Beverly's "first date" with Richie stands in sharp contrast with the violence of her marriage to Tom as she remembers going to the movies and looks at the fingernails she broke escaping from her abusive husband on her flight toward Derry. Even though the movies are a date only in the strictest sense of the word—Richie pays for her ticket—she is there with two boys who care for her and would never consider causing her harm. Ben feels compelled to protect her when Henry tries to attack them after the show.

Beverly's marriage to Tom makes sense once Beverly's father enters the scene. Al Marsh is not kind to his daughter, punching her for the smallest infraction and then hugging her when she tells him a spider frightened her. This pattern of alternating hostility and affection also marks much of Beverly's marriage to Tom, and Al Marsh's actions show how Beverly has come to believe this pattern is normal.

Although Al Marsh's abuse of Beverly is not sexual, the narrative links the abuse to sexual activity. Beverly hears her parents having sex hours after her father has punched her. The next morning Elfrida's question about Al "touching" Beverly is loaded with meaning. Elfrida suspects Beverly angered her father, which means hitting. Elfrida may have made a connection between Al punching his daughter and then having sex with Elfrida. It is equally possible Elfrida understands Al's violence toward Beverly could escalate into something else. Beverly is too innocent to understand why her mother is asking this question; she only vaguely suspects her mother means something specific when she uses the word "touching."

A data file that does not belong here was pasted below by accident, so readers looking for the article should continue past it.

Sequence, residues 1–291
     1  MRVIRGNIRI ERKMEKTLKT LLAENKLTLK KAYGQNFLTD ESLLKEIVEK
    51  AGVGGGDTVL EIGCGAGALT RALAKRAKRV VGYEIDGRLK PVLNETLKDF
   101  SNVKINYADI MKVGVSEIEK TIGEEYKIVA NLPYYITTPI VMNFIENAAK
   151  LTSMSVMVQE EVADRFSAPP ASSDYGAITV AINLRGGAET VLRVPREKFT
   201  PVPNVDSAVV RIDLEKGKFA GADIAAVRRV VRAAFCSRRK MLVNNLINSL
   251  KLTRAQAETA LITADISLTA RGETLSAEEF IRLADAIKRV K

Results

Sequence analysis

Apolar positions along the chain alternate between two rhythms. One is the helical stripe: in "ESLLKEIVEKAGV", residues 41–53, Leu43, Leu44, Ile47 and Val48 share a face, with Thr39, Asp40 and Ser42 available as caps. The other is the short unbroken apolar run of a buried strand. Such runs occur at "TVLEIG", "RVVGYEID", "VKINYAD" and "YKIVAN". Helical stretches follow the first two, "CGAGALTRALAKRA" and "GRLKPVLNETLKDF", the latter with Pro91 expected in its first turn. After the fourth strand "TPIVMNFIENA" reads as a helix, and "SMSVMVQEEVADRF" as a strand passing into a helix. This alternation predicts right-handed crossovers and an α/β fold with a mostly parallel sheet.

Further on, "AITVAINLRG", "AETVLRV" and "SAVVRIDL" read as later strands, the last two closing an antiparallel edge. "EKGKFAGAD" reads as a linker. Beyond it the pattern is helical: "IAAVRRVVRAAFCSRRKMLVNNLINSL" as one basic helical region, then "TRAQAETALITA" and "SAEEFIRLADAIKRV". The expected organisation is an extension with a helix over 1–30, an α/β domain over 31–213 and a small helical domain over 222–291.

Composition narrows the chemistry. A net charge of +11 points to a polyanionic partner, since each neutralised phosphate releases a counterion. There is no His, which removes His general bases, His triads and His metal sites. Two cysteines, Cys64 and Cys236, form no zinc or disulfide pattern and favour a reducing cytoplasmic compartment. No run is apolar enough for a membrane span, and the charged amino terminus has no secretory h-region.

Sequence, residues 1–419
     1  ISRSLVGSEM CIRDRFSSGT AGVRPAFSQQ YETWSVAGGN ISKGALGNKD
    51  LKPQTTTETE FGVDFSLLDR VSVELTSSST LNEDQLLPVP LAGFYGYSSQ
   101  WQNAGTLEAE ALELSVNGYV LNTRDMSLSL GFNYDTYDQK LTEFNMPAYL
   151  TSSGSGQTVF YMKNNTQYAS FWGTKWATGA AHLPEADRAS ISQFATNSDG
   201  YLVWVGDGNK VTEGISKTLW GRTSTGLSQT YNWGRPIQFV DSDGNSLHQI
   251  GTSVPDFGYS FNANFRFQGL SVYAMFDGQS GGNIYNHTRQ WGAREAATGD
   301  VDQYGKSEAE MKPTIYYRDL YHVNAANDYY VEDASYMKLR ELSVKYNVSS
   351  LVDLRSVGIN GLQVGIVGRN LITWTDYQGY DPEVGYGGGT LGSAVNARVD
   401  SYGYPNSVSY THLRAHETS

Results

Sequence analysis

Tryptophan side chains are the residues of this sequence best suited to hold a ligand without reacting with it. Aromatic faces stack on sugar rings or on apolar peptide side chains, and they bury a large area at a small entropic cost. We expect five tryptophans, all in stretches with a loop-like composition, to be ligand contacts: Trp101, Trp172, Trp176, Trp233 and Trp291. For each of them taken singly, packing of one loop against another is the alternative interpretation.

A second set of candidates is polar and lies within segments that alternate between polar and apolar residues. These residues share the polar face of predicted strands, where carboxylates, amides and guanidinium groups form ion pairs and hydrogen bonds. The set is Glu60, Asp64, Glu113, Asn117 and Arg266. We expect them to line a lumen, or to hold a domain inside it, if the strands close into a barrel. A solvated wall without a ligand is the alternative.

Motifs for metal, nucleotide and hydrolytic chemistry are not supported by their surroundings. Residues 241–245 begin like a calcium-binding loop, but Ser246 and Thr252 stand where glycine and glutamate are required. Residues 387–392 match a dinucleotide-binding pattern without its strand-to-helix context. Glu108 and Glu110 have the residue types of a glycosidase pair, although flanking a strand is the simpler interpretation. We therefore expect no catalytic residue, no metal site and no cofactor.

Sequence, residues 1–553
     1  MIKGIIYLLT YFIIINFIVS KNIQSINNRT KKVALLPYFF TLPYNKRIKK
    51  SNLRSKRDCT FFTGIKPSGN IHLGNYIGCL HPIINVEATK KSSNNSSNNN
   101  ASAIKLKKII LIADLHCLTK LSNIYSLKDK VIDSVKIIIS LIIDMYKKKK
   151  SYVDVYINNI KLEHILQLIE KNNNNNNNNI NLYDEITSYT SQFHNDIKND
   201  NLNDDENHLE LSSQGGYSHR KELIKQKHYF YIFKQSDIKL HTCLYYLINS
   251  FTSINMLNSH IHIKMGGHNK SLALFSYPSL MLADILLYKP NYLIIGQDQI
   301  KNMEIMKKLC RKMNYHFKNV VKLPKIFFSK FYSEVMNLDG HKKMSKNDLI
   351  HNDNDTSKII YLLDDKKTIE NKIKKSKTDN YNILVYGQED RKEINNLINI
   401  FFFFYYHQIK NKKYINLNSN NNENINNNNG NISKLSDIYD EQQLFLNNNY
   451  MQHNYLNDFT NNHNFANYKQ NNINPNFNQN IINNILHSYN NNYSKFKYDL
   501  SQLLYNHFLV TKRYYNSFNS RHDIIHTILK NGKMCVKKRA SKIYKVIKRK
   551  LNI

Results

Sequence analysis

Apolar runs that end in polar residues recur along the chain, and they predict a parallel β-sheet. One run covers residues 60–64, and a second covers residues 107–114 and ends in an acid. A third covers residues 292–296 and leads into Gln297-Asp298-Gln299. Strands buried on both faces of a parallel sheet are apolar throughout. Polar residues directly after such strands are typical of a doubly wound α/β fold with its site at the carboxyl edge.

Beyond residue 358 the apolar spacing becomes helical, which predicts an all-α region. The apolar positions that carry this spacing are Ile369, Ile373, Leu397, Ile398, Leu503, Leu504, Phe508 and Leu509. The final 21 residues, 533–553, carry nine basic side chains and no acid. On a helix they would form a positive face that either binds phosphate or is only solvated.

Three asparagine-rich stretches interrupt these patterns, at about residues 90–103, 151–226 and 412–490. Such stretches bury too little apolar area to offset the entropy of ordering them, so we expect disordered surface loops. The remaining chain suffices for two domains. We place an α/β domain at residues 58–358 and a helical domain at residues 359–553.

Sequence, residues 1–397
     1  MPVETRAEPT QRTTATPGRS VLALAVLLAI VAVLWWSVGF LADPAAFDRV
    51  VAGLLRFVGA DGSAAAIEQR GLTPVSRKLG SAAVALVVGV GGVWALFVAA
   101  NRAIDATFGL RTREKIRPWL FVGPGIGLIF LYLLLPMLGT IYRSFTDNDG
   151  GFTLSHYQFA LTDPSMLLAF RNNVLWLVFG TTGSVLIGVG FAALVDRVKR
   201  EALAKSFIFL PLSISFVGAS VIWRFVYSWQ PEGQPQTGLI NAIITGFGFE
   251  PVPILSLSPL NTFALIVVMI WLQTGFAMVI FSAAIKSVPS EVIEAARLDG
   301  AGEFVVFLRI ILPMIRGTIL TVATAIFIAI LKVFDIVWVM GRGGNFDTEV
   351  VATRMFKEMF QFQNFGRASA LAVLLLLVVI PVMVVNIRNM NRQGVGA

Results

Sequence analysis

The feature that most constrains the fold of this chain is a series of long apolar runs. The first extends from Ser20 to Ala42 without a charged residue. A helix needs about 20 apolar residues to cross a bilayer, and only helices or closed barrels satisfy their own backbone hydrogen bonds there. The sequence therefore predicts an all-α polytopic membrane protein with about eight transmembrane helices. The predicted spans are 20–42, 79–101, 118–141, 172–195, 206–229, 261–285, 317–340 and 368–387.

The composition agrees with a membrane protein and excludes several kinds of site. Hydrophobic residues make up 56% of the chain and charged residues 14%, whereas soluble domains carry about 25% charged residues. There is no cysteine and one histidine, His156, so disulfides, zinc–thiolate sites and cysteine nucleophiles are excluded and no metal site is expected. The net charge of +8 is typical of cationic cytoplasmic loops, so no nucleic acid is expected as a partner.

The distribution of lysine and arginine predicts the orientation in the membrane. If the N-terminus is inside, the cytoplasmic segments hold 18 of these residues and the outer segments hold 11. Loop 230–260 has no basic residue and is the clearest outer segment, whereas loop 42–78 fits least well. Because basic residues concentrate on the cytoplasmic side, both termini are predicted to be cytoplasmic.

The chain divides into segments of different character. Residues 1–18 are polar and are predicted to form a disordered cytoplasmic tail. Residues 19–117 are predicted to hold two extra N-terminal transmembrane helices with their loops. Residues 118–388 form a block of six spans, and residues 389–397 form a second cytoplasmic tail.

Even though she can't identify the source of her uneasiness, Beverly is becoming increasingly aware of her status as a girl and the threats that come along with it. She feels compelled to hide her changing body under a sweatshirt in June—just as Ben does in Chapter 4. The way It targets Beverly also seems directly aimed at her femininity. First she hears the voice of a small child, the three-year-old victim of It; this is an appeal to early caretaking instincts encouraged in girls. The second voice she hears is Cheryl Lamonica, a 16-year-old Beverly knew, whose death is officially blamed on her propensity for dating older men. This illustrates the dangers of female sexual expression. The scene culminates with a gout of blood, which is a likely reference to Beverly's fear of the menstrual cycle she knows will commence within a few years.

The assault on Beverly's girlishness doesn't end at home. Bradley Donovan attacks her after she wins at pitching pennies because he is convinced girls cheat at games. His focus on girls cheating implies he would not have had this reaction had Ben or Eddie won the game. He probably wouldn't have called Ben or Eddie a "bith" either, nor verbally attacked their mothers. Bradley's reaction is the first of many times Beverly will be called names specific to her gender. Her innocence becomes apparent again in her misunderstanding of why Bradley would insult her mother as he does, and she announces her mother is a waitress.